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Recurrent Magdalenian occupation in the interior of the Iberian Peninsula: new insights from the archaeological site of La Peña de Estebanvela (Segovia, Spain).

AuthorsYravedra, J.; Andrés-Chaín, M.; Cacho, C.; Martos, J. A.; Marquer, L.; Avezuela, B.; Jordá-Pardo, J.; Martín-Lerma, I.; Sesé, Carmen ; Valdivia, J.
KeywordsUpper Palaeolithic
Iberian Peninsula
Subsistence strategies
Issue Date2018
CitationArchaeological and Anthropological Sciences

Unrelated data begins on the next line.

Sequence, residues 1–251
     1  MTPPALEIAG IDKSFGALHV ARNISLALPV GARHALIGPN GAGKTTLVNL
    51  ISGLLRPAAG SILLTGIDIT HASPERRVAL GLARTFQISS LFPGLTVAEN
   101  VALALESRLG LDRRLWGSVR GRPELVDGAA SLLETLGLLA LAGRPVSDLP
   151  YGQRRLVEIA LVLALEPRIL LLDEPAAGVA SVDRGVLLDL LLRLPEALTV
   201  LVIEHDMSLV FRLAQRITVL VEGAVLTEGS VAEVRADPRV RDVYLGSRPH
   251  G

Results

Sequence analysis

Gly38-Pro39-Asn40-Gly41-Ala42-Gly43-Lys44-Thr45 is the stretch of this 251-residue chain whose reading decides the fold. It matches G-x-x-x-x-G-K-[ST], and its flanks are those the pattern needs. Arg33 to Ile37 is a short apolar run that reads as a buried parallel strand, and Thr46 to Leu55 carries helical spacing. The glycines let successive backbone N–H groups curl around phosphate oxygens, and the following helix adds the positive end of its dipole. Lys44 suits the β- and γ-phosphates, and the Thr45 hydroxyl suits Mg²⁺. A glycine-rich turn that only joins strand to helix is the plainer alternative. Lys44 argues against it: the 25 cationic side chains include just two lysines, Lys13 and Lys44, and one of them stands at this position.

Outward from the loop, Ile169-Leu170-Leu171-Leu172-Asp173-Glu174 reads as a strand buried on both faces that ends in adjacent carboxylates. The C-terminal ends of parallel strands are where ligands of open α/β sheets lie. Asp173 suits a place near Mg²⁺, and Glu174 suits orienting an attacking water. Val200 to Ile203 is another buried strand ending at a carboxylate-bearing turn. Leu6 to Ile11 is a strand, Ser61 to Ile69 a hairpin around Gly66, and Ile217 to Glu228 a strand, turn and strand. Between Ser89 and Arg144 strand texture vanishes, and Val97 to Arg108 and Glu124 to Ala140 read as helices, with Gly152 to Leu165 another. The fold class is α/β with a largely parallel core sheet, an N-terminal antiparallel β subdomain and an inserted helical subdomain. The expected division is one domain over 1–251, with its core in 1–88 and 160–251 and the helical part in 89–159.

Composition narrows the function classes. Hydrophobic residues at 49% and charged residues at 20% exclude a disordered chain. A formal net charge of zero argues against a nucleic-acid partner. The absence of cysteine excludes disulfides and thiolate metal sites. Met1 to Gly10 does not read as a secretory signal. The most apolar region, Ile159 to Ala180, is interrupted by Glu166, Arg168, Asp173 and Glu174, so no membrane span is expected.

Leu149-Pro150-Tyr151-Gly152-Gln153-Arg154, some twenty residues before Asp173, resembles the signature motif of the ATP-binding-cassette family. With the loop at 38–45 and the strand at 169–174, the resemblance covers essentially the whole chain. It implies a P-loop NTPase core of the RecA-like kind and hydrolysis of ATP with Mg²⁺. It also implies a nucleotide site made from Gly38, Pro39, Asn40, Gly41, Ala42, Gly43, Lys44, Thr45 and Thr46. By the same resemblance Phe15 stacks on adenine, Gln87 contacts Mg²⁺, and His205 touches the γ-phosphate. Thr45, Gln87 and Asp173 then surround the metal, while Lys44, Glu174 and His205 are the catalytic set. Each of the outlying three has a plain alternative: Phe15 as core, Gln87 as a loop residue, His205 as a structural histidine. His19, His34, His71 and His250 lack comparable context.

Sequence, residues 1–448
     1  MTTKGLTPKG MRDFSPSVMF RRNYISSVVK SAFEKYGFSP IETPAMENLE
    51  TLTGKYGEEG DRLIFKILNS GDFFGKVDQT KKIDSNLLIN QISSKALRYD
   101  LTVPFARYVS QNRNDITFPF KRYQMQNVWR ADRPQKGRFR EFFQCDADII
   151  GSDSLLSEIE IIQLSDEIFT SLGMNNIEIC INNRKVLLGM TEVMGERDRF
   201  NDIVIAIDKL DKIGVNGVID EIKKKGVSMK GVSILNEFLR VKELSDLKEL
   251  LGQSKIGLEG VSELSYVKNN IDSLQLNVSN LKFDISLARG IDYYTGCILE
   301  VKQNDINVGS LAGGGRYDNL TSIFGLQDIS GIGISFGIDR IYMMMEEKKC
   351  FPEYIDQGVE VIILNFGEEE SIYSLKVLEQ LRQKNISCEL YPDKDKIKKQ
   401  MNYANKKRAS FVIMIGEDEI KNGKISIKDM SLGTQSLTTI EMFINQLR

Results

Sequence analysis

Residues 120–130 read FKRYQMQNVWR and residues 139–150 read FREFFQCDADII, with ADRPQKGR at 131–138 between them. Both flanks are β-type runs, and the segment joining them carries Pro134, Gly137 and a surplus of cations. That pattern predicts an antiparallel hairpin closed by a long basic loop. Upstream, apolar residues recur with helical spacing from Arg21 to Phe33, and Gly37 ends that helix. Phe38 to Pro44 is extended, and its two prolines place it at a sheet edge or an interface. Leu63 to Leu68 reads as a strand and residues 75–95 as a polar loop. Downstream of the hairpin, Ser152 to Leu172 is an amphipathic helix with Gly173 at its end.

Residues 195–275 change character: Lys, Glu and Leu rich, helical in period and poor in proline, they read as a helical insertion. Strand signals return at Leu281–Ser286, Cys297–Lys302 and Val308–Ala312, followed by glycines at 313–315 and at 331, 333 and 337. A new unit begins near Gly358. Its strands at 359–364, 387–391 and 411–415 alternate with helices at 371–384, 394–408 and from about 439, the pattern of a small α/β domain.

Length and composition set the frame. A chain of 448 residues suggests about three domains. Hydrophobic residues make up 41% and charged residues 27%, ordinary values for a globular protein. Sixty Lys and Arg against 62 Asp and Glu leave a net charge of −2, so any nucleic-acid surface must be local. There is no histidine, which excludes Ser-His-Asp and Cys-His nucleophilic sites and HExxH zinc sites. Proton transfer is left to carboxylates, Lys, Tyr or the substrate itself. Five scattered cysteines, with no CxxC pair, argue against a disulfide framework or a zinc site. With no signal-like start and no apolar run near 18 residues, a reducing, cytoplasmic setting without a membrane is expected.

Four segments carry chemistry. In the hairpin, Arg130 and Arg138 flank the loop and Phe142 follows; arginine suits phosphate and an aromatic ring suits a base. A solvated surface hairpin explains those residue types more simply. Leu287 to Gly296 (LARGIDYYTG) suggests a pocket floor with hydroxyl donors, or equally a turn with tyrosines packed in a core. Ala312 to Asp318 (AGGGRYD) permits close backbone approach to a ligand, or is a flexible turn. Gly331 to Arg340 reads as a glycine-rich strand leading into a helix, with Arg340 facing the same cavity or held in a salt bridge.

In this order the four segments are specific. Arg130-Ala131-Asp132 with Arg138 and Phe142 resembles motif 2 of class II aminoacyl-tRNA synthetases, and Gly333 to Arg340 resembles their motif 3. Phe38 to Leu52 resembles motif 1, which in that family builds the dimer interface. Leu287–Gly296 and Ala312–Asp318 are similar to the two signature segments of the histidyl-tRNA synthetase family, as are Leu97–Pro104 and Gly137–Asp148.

AbstractThe occupation of the Iberian Peninsula during the Upper Palaeolithic is mainly known from archaeological sites located in the Cantabrian and Mediterranean regions. Numerous sites have been excavated in these two regions when few sites are found in the interior of the peninsula. Several authors explain this scarcity of sites, in the inner region during the Upper Palaeolithic, by a decrease of human population resulting from a low capacity of human groups to adapt to the cold conditions of the Marine Isotopic Stage 2 (MIS 2), i.e. the effect of cold climate on human populations might have been stronger in the interior of the peninsula than in coastal areas. Recent studies underline the evidence of prehistoric occupation during this period in that region. It has been suggested that these occupations are isolated events limited to the warmest phases of the end of the MIS 2. The present study focuses on zooarchaeological and taphonomic aspects of the Magdalenian site of La Peña de Estebanvela (Segovia, Spain). Our results show that this site was recurrently occupied during the Magdalenian period, including warm and cold phases, which provide a new evidence of sustainable presence of human populations in the interior of the Iberian Peninsula at the end of the Upper Palaeolithic.We further propose hypotheses on the subsistence strategies (e.g. availability of hunting resources) developed at La Peña de Estebanvela and in a larger context including other Magdalenian sites of the inner region of the Peninsula.
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